The solar system formed approximately 4.6 billion years ago from clouds of dust and gas that were disrupted by astrophysical events. The shock wave began squeezing and clumping the clouds into a dense mass.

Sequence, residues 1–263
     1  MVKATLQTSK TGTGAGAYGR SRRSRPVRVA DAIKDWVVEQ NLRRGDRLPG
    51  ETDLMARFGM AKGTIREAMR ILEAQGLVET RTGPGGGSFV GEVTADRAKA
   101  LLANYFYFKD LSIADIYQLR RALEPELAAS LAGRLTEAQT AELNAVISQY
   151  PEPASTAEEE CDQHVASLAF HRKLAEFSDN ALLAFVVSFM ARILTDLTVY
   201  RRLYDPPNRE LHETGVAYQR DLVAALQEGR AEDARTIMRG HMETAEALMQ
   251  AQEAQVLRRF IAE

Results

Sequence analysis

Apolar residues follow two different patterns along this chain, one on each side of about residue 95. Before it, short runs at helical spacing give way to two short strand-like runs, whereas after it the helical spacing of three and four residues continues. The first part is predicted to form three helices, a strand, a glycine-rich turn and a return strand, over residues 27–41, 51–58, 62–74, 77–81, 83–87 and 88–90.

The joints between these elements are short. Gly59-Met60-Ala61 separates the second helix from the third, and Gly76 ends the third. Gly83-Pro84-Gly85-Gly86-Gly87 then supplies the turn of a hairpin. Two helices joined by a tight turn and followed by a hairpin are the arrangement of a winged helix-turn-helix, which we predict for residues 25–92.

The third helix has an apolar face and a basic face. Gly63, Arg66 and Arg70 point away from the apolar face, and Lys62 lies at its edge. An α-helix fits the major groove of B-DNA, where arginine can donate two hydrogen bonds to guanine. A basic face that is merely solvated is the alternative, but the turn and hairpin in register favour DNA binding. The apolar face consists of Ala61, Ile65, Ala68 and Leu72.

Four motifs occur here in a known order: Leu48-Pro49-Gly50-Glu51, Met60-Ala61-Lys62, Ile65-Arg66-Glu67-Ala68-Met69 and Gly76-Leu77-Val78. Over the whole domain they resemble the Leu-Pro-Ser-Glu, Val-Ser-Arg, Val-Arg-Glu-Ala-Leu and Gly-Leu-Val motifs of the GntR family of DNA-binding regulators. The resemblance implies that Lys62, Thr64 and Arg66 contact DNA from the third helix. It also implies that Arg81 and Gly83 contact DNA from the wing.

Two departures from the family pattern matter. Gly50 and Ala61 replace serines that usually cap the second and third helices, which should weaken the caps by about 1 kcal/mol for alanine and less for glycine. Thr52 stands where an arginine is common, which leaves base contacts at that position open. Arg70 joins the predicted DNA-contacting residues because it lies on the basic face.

As a result, the gravity of these clumps increased, which attracted more mass. The density increased and heated through frictional forces, resulting in a solar nebula, generally thought by astronomers to be a stellar nursery. The gravitational-attracted mass struck the center of the nebula unevenly, creating a rotational effect. Eventually the center reached critical mass, initiated nuclear fusion and became the sun. The remaining mass flattened out into an accretion disc surrounding the new star, clumping to become the planets of the solar system.